A single experience across multiple screens is the holy grail of computing these days. As illustrated in the image above, this mantra is one of the key drivers behind some of the most powerful companies in the world, namely Apple, Google, and Microsoft.
I believe it’s critical for us to embrace this way of thinking when Designing mobile learning for multiple screens. The days of designing eLearning for the stationary desktop computer are long gone.
eLearning is dead!
The quicker we, as an industry assimilate this fact, the quicker we will optimize our learning, and mobilize it across multiple screens. One only has to look around to realize that the old comfort zones that made eLearning popular are no longer viable.
Remember when our learners relied on Flash to consume the Flash-based eLearning we created for their desktop computers? Today Flash is pretty much a thing of the past. Flash was never supported on iOS devices, nor is it supported on Android devices, and this year, Google announced that YouTube would stop serving its videos using the Flash plugin for anyone visiting the site using a modern browser. YouTube is now solely using HTML5 to serve videos. I have read similar stories about Firefox and other companies like Facebook.
1024 x 768 Resolution
What about the old 1024 x 768-pixel resolution comfort zone? When I worked for Adobe, customers used to ask me what resolution they should choose when creating eLearning and my answer was always the same, 1024 x 768 pixels. How things have changed, now we have to deal with a myriad of screen sizes and resolutions, so that rule of thumb is gone, too. In 2014, Samsung alone had 56 different smartphones with different sizes and resolutions. How do we design for all of these sizes and resolutions? One thing is for certain, the old eLearning way of doing things doesn’t scale for this new multi-screen world we live in.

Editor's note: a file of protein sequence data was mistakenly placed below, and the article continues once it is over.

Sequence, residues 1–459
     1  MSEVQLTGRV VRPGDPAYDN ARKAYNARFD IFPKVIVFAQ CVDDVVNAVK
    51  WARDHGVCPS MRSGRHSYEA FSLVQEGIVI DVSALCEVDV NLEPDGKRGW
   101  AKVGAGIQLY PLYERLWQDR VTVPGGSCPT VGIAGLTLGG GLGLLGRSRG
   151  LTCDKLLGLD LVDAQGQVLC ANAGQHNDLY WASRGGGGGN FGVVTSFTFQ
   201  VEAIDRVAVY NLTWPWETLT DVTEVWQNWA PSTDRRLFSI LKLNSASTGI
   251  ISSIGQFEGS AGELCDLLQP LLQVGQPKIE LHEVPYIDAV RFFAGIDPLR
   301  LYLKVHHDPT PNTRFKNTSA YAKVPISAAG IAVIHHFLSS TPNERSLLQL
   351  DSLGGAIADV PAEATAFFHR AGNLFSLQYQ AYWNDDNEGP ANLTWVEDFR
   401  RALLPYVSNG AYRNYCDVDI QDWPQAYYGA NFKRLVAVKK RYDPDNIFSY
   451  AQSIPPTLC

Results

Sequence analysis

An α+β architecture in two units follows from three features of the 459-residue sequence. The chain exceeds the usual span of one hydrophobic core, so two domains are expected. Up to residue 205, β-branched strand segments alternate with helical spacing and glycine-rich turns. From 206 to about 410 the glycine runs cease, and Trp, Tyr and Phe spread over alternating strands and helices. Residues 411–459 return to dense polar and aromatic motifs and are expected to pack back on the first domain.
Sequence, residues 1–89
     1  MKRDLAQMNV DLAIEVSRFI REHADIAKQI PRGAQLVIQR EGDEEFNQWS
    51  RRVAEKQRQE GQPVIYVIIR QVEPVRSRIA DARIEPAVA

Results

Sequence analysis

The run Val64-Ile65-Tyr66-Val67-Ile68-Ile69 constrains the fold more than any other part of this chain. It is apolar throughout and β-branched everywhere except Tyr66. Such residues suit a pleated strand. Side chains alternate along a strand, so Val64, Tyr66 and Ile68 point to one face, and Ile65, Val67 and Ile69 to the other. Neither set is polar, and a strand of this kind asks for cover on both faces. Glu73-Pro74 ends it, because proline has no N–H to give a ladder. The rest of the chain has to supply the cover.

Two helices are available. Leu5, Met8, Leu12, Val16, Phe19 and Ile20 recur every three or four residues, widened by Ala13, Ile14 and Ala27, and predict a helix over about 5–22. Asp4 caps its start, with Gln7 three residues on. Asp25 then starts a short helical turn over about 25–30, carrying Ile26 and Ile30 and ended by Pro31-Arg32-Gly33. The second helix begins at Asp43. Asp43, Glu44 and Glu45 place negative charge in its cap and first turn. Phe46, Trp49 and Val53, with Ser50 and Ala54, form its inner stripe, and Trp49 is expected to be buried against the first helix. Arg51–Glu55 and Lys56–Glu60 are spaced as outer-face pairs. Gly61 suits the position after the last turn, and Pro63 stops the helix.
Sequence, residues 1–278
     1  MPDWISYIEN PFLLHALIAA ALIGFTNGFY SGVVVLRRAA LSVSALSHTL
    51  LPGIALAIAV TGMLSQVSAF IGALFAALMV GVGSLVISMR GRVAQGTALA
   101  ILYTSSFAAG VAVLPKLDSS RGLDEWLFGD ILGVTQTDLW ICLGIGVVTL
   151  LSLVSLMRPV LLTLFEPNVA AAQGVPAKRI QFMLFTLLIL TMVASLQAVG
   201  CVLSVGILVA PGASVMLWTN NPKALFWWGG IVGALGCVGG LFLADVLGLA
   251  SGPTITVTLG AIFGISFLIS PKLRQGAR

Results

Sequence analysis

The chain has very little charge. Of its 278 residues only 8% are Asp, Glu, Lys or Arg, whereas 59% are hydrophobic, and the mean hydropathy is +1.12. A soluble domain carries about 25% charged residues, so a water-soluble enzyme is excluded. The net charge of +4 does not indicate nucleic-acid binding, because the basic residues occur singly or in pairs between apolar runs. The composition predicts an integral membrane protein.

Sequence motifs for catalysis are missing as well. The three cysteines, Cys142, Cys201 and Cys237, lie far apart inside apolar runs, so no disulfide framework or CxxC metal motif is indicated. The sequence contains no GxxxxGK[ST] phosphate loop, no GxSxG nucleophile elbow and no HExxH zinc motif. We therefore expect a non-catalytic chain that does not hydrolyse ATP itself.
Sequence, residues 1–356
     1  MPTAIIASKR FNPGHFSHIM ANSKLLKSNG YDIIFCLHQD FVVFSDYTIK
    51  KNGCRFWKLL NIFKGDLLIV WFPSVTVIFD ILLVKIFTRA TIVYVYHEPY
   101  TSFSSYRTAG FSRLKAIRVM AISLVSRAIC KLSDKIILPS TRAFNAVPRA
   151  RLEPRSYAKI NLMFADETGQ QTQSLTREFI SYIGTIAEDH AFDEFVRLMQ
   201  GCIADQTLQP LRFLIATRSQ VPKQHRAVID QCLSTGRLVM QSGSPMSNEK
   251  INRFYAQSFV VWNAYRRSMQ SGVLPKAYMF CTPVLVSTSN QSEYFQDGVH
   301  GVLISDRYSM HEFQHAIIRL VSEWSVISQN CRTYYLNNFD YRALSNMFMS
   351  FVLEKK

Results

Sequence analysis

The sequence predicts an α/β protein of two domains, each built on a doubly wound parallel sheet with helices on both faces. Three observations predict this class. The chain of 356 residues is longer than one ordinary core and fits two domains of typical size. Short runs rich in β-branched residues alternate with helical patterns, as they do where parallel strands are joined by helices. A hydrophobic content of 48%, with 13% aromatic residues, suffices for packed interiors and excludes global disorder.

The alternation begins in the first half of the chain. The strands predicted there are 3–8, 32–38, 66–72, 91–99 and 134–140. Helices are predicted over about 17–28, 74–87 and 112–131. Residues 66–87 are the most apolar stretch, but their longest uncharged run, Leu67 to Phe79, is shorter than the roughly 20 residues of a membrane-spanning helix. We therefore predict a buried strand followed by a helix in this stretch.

Rapid eLearning tools
Finally, there’s the comfort zone of using rapid eLearning software that rely heavily on PowerPoint slides, in order to publish Flash-based learning? Well, that’s not working either. If you are still using antiquated software that produces Flash-based eLearning, you are missing out and doing your learners a disservice.
You can no longer control what devices learners use to access your learning!
A Tecmark Survey finds the average user picks up their smartphone 221 times a day?
Another survey found that People change the device they are using an average of 21 times an hour when they are at home, according to findings from OMD UK’s Future of Britain research project.
To say that Mobile has been a game-changer in our lives is an understatement. Today more and more of us live our lives across multiple screens.
According to Google, 90% of users use multiple screens sequentially to accomplish a task over time.
Advice for the Post-eLearning Era
So what’s next? I believe the next big thing for us is designing learning that is flexible and fluid across multiple screens, including smartphones, tablets, desktops and other touch-enabled screens.
In order to design this type of learning, we may need to abandon many of the old comfort zones I mentioned above. For example since we can no longer rely on Flash, we need to embrace newer technologies, such as HTML5 and Responsive web design.
For those still using rapid eLearning tools that insist on publishing courses in multiple formats (e.g Flash-based for consumption on the desktop computers and HTML5 for devices, which do not support Flash), you may need to consider switching to more modern software that allow you to design courses once and then publish out to many screens using responsive web design principles. One such program is the latest version of Adobe Captivate, version 8. I wrote extensively on why I’m impressed with Adobe Captivate 8, especially because of Adobe’s support for Responsive Learning Design.
In my previous post I shared my thoughts on why I think Responsive Web Design is the future of Learning Design and thus far it is my most shared post since I started blogging, with more than 430 ReTweets thus far. Hopefully, this is an indication that many of you agree and that we are slowly transitioning away from eLearning and onto bigger and better things.
Thanks for reading and sharing!